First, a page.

Sand Valley resuscitates Lido Golf Club in Wisconsin

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This September 27, 2021 photo shows the Lido Golf Club under construction at the Sand Valley Golf Resort in Nekoosa, Wisconsin. The course was designed from photos and old documents, using a course creation video game. The Lido will be an exact restoration of an abandoned course of the same name on Long Island, long considered one of the best golf courses in the world. (AP Photo / John Marshall)

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An old classic golf course – The Lido – is being resuscitated 1,000 miles from the original using a video game and GPS-guided tractors.

The Lido at Sand Valley Golf Resort in central Wisconsin is perhaps the most ambitious project ever undertaken by the Keizer family, which develops golf courses. They aim to recreate exactly the original course of Long Island, New York, right down to the positioning of the bunker, the contours of the fairway, even the directional orientation.

The only thing missing will be the Atlantic Ocean.

The original The Lido Golf Club opened in 1917 and has been considered in the same company as Royal Dornoch, Ballybunion, Pine Valley Shinnecock and National Golf Links as one of the best golf course designs in the world. The course was designed by architect CB Macdonald and featured three holes inspired by entries in a golf architecture design competition in Country Life magazine. One of the competition winners was Alister MacKenzie, considered one of the greatest golf architects of all time.

The Lido fell into disrepair during the Great Depression and closed when the land was taken over by the US Navy in World War II.

It has since become the holy grail of lost golf courses, dubbed “The Best Course You’ll Never Play” by the Golf Channel.

“It was up there in the air,” said Michael Keizer, who runs Project Wisconsin with his brother Chris.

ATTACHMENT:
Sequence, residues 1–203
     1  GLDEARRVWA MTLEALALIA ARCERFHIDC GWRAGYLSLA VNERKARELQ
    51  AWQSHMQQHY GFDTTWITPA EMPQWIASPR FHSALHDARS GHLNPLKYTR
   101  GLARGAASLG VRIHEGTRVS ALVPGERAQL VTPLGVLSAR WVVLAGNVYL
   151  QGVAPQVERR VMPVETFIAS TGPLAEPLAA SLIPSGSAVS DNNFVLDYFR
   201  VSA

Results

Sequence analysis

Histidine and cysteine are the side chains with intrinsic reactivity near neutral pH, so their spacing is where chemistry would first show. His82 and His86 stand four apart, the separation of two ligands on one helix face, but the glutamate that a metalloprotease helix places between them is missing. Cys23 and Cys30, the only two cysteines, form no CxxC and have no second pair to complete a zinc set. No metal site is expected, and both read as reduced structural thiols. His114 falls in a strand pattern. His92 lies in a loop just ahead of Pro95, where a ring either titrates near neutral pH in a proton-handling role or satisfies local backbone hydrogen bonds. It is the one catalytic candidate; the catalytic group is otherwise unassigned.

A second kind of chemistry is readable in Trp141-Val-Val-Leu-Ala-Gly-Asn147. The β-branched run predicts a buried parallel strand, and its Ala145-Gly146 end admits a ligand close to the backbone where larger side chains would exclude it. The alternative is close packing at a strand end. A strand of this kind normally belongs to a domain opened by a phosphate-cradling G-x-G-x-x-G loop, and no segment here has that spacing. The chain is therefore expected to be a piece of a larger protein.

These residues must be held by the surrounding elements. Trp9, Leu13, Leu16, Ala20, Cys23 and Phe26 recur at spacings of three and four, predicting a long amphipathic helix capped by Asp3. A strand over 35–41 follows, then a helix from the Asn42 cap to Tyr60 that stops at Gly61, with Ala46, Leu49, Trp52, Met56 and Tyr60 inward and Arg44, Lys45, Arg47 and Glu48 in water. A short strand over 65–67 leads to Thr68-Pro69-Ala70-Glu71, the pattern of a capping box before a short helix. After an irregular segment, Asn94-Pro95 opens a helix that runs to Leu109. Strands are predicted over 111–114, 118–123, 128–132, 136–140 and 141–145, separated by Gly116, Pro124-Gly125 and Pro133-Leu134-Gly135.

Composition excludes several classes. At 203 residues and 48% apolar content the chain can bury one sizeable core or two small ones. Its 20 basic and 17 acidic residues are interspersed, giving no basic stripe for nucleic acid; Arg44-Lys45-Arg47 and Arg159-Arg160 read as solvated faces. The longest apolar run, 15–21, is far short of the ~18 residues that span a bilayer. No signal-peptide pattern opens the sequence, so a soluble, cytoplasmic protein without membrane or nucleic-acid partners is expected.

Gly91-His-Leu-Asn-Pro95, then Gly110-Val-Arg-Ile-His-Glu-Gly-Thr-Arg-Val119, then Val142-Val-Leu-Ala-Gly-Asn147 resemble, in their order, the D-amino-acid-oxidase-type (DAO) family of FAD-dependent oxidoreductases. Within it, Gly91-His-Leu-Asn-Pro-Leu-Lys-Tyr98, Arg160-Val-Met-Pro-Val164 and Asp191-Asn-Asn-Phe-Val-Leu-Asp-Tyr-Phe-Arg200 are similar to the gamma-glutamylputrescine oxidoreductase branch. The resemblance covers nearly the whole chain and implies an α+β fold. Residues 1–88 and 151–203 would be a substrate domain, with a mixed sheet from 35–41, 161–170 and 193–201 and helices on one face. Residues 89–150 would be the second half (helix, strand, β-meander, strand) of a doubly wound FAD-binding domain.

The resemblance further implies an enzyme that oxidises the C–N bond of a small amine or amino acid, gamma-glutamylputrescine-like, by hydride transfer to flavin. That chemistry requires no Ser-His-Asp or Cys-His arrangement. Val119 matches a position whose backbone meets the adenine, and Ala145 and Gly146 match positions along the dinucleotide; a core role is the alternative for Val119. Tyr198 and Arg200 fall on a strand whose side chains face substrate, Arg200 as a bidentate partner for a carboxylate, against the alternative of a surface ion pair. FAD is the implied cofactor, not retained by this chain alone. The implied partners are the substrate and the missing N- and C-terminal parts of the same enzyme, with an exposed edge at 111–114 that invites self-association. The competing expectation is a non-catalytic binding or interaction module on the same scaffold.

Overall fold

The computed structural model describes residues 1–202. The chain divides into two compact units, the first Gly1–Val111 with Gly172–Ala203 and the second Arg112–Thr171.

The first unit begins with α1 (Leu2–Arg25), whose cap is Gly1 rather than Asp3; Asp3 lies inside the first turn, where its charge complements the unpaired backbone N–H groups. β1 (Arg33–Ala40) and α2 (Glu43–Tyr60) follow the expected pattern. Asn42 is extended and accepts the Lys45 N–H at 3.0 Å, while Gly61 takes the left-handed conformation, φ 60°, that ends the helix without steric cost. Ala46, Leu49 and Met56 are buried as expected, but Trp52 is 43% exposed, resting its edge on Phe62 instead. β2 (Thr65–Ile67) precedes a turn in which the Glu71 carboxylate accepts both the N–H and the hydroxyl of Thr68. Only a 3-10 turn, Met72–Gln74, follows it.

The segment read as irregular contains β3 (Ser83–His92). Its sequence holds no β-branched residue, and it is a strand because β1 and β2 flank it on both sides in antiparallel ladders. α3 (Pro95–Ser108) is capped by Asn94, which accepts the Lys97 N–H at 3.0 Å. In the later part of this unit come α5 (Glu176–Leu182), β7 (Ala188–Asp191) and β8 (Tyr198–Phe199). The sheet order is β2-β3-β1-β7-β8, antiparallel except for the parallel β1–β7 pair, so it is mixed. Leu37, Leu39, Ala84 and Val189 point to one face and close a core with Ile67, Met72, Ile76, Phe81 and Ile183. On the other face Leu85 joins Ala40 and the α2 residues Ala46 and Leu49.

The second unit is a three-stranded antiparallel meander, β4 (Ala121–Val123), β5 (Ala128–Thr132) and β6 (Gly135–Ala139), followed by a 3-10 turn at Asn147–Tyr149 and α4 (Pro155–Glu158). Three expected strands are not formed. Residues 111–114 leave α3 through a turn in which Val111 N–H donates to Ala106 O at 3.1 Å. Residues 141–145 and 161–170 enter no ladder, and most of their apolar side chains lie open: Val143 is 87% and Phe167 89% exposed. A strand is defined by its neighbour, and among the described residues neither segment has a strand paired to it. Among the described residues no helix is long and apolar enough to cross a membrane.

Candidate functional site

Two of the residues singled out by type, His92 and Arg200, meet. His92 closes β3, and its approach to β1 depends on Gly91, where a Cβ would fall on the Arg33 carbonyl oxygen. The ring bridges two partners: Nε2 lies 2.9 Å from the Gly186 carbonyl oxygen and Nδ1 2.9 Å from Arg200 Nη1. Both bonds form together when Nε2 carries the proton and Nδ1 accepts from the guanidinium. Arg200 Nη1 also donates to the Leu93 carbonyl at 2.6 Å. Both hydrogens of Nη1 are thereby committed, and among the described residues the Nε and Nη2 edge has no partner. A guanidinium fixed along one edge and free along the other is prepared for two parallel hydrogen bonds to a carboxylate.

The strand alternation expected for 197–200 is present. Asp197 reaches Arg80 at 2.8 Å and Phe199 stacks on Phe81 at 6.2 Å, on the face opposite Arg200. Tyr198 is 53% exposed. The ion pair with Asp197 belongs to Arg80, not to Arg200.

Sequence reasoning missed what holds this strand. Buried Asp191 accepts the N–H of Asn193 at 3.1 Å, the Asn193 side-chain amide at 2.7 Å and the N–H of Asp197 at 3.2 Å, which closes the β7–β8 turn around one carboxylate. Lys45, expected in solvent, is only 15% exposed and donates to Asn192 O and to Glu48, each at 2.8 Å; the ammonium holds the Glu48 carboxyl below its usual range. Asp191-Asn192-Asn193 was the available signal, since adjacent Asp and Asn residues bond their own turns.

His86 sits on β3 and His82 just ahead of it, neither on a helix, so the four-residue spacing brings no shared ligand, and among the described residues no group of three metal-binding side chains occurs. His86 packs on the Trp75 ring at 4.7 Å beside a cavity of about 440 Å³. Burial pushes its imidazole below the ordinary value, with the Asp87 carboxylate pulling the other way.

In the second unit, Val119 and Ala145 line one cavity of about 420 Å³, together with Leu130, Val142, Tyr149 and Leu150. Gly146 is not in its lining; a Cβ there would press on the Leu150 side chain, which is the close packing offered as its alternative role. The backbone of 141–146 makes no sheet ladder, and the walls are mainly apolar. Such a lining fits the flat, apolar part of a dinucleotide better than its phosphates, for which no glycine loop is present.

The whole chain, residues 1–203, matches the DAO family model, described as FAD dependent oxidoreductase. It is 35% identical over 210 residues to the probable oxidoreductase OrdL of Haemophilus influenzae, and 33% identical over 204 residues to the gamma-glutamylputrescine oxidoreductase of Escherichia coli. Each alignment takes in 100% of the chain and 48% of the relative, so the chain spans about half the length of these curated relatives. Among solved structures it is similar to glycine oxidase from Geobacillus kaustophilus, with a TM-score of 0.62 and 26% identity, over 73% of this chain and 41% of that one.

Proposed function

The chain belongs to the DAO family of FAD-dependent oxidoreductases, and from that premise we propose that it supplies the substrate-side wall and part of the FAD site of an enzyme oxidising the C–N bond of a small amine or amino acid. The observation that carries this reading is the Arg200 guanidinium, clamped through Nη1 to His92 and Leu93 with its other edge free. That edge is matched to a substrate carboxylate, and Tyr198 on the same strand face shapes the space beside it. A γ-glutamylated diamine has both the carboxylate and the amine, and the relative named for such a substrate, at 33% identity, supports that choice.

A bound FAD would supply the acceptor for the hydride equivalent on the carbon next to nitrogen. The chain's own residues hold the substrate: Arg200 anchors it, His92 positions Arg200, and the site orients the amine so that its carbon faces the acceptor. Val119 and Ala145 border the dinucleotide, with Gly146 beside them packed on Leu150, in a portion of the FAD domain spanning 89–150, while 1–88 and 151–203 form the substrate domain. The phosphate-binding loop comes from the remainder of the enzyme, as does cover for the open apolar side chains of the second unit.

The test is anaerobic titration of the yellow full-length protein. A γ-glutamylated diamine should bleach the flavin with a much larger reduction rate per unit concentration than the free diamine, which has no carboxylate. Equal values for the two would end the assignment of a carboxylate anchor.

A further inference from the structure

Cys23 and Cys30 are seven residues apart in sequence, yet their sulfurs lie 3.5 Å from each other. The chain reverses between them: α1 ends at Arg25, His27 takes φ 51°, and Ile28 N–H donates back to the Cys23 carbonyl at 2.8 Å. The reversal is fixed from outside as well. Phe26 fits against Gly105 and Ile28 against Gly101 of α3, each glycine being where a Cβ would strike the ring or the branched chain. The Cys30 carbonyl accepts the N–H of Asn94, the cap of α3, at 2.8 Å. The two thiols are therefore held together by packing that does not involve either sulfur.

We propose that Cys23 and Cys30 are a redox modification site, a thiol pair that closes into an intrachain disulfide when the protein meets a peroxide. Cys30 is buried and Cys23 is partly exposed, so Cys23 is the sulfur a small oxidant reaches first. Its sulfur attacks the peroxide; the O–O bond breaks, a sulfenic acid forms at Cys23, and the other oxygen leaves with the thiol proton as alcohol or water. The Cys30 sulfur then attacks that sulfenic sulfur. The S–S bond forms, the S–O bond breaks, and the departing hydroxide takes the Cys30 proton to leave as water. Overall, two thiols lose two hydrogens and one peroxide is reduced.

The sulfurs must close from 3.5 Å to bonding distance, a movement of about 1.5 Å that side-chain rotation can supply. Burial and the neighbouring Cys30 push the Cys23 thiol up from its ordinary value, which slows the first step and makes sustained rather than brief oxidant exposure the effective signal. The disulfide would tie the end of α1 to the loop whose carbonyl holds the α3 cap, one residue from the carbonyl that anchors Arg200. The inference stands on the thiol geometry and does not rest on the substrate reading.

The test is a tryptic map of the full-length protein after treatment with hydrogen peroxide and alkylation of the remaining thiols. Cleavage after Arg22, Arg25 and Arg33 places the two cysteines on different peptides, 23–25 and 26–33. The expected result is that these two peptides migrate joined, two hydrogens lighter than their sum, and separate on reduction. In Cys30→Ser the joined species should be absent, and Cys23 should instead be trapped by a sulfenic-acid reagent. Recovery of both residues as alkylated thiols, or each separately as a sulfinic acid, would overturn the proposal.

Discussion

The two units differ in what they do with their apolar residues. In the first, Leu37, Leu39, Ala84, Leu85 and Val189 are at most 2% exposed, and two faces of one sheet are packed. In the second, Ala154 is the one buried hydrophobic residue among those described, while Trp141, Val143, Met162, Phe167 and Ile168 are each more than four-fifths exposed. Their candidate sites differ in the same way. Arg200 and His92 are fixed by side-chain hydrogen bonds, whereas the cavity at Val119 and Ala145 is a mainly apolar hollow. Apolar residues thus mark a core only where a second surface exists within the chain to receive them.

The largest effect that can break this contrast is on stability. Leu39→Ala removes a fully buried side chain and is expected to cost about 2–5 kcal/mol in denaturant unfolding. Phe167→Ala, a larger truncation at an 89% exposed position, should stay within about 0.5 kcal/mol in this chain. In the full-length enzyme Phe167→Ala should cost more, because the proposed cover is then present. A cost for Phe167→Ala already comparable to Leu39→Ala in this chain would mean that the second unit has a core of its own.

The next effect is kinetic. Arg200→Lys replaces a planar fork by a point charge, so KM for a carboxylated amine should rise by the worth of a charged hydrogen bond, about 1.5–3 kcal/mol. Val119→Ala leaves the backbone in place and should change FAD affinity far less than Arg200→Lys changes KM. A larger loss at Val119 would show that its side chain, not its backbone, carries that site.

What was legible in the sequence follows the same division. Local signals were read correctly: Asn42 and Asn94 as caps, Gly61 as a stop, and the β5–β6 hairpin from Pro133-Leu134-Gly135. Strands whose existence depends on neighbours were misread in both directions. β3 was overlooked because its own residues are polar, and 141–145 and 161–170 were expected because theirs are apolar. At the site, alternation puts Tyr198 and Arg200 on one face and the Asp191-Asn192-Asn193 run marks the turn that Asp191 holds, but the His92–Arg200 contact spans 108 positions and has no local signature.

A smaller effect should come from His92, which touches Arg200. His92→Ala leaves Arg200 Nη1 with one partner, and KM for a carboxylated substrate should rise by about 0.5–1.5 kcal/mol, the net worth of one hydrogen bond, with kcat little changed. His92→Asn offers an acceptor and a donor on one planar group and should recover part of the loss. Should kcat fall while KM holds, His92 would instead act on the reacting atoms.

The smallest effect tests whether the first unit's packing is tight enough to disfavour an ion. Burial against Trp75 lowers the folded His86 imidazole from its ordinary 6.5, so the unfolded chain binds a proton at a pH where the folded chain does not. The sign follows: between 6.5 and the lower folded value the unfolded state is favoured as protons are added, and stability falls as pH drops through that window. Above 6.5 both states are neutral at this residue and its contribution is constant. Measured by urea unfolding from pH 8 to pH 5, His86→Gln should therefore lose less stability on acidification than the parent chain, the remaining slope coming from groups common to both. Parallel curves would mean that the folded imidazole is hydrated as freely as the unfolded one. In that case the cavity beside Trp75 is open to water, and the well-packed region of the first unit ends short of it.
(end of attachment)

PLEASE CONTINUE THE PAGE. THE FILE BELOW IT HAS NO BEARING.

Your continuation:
Because the original course had to be fabricated – 2 million cubic meters of sand was brought in to fill the Long Island marshes – detailed blueprints were then filed, providing many details about the design.

Michael and Chris’ dad, Mike Keizer, who developed Bandon Dunes along the Oregon coast, had wanted to replicate the Lido after reading George Bahto’s biography on CB Macdonald, “The Evangelist of Golf.”

After consulting with Bahto, Keizer considered resuscitating him with the Old Macdonald Course at Bandon Dunes before deciding to pay that tribute to Macdonald and construction engineer Seth Raynor. A similar homage to the Lido, Ballyshear Golf Links, was designed by Gil Hanse and recently opened in Thailand at the Ban Rakat Club.

The Keiser’s idea of ​​recreating the Lido was scrapped until Michael began looking for information about the old course that had intrigued his father.

“During COVID, I went down to one of those rabbit holes to study the Lido and convince myself that it was as good as some people had seen it and thought it was,” he said .

Peter Flory, a part-time financial consultant and golf historian, had created a detailed version of the Lido using the video game The Golf Club. Flory looked at photos and other historical information, creating a digital duplicate that turned into a replication plan.

And the Keizer family already had what they thought was the perfect place to try playtime.

Sand Valley was built on dunes that were once the bottom of a glacial lake. The terrain was good for the earthwork and shaping needed to resuscitate the Lido.

The Keizers enlisted Tom Doak and Brian Schneider to build the course to exact specifications, using GPS-guided tractors that can descend to the millimeter.

“What Tom and Brian do is they have these great routes on nice pieces of property where they don’t have to do much,” said Michael Keizer. “They have to touch every square inch here. It’s that high-intensity creative focus on every square inch.

The Lido is being built just north of Sand Valley and Mammoth Dunes, among Wisconsin’s top level courses that include Whistling Straight, Blackwolf Run, Erin Hills, and Sentryworld.

“I don’t think I’m exaggerating when I say this will be one of the most anticipated new course launches in history,” said Rob Jansen, executive director of the Wisconsin State Golf Association.

The Lido will be a private course with access for guests of the complex. It will open for 13 preview holes next summer and fully open in 2023.


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